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LETTERS TO EDITOR
Year : 2018  |  Volume : 66  |  Issue : 5  |  Page : 1515-1516

Hyponatremia in tuberculosis: Focus on brain instead of adrenals


1 Department of Internal Medicine, People Tree Hospitals, Bengaluru, Karnataka, India
2 Department of Neurology, People Tree Hospitals, Bengaluru, Karnataka, India
3 Department of Intensive Care Unit and Critical Care, People Tree Hospitals, Bengaluru, Karnataka, India
4 Department of Endocrinology, People Tree Hospitals, Bengaluru, Karnataka, India

Date of Web Publication17-Sep-2018

Correspondence Address:
Dr. D M Mahesh
Department of Endocrinology, People Tree Hospitals, Bengaluru - - 560 022, Karnataka
India
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Source of Support: None, Conflict of Interest: None


DOI: 10.4103/0028-3886.241340

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How to cite this article:
Chaya B E, Rajesh K N, Mohan K, Mahesh D M. Hyponatremia in tuberculosis: Focus on brain instead of adrenals. Neurol India 2018;66:1515-6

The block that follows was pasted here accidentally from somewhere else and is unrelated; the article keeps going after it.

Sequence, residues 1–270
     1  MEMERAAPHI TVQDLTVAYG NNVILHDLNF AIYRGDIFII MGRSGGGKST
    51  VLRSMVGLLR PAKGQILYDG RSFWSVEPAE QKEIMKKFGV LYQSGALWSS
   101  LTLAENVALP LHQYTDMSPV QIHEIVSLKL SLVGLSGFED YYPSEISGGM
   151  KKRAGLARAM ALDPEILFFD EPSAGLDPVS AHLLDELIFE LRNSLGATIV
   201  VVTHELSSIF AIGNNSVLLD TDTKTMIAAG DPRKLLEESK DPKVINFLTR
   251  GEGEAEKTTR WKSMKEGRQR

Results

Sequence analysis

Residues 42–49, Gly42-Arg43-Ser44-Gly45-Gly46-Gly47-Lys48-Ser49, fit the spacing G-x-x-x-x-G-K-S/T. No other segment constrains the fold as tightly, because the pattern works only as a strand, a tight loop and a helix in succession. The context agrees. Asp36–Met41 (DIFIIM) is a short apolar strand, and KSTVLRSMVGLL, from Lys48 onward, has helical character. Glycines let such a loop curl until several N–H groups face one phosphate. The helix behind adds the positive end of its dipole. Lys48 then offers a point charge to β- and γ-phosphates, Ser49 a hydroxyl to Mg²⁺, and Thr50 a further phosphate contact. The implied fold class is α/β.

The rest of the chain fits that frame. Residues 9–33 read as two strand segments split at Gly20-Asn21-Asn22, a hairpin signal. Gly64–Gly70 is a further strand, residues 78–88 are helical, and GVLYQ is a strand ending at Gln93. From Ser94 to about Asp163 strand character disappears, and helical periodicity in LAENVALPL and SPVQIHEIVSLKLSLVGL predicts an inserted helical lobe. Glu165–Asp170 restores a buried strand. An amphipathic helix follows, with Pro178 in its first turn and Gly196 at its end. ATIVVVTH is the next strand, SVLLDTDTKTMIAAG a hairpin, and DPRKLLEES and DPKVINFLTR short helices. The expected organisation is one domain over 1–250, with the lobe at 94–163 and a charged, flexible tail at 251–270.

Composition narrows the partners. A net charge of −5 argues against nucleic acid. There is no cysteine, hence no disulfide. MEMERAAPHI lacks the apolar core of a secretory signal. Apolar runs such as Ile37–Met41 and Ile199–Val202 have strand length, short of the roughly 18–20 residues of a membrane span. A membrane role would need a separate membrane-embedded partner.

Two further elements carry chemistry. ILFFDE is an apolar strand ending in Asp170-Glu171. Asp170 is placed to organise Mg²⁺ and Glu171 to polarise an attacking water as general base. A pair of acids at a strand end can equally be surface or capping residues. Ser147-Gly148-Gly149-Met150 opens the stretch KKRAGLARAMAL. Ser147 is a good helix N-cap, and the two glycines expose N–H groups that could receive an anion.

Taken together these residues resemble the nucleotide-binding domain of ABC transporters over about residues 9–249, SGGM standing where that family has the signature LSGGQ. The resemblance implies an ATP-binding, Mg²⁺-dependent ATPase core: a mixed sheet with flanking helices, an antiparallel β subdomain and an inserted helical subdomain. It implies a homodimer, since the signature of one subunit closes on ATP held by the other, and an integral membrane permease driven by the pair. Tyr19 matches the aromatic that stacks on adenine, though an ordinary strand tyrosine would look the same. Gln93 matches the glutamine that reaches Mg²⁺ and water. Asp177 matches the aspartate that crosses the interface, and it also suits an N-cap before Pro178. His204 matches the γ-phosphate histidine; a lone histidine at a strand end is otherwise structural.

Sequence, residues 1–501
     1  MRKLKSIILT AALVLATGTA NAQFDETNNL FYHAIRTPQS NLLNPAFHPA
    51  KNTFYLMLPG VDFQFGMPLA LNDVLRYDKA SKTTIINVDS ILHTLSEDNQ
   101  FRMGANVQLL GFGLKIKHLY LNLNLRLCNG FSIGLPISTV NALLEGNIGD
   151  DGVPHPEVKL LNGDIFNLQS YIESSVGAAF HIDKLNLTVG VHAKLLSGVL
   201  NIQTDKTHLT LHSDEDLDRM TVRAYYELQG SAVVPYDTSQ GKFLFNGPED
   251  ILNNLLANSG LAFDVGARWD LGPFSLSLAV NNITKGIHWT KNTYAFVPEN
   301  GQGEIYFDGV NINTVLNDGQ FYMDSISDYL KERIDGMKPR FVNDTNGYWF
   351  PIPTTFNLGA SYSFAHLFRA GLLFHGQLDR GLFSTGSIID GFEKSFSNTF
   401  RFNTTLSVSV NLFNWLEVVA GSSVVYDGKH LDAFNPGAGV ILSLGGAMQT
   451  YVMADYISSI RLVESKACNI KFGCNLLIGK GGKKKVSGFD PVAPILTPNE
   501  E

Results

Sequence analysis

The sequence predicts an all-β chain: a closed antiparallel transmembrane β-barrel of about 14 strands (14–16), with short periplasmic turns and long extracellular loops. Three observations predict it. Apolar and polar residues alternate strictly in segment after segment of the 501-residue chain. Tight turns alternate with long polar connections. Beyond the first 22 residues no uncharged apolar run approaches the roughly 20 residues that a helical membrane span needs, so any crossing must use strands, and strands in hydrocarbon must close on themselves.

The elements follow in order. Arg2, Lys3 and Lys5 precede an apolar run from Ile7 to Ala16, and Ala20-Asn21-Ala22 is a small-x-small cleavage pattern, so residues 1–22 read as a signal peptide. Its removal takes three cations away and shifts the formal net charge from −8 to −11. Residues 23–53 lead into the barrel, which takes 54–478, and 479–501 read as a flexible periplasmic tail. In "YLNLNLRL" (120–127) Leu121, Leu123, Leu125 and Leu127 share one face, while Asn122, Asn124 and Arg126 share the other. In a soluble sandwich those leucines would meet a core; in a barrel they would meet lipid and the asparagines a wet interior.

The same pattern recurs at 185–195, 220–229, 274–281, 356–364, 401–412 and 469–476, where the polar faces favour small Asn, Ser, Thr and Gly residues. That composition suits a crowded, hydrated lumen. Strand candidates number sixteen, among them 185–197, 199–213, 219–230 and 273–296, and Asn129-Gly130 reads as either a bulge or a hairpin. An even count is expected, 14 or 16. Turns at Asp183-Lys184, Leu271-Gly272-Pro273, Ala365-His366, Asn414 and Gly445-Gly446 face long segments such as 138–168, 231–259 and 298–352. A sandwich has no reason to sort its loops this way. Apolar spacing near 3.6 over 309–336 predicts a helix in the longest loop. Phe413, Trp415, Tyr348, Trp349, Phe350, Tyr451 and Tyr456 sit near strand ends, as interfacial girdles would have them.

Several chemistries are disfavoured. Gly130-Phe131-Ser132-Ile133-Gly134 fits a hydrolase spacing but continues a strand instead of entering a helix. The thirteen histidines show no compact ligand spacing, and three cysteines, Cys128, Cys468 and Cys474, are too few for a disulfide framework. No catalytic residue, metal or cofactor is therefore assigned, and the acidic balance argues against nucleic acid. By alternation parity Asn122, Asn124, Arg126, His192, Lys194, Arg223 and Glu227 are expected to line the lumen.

How to cite this URL:
Chaya B E, Rajesh K N, Mohan K, Mahesh D M. Hyponatremia in tuberculosis: Focus on brain instead of adrenals. Neurol India [serial online] 2018 [cited 2018 Oct 23];66:1515-6. Available from: http://www.neurologyindia.com/text.asp?2018/66/5/1515/241340




Sir,

Hyponatremia is one of the most common electrolyte abnormalities observed in acute neurological disorders. The differential diagnoses for hyponatremia in central nervous system (CNS) disorders are syndrome of inappropriate secretion of antidiuretic hormone (SIADH) or cerebral salt wasting syndrome (CSWS). Clinical manifestations of these two conditions may be similar, but their pathogenesis and management protocols are different.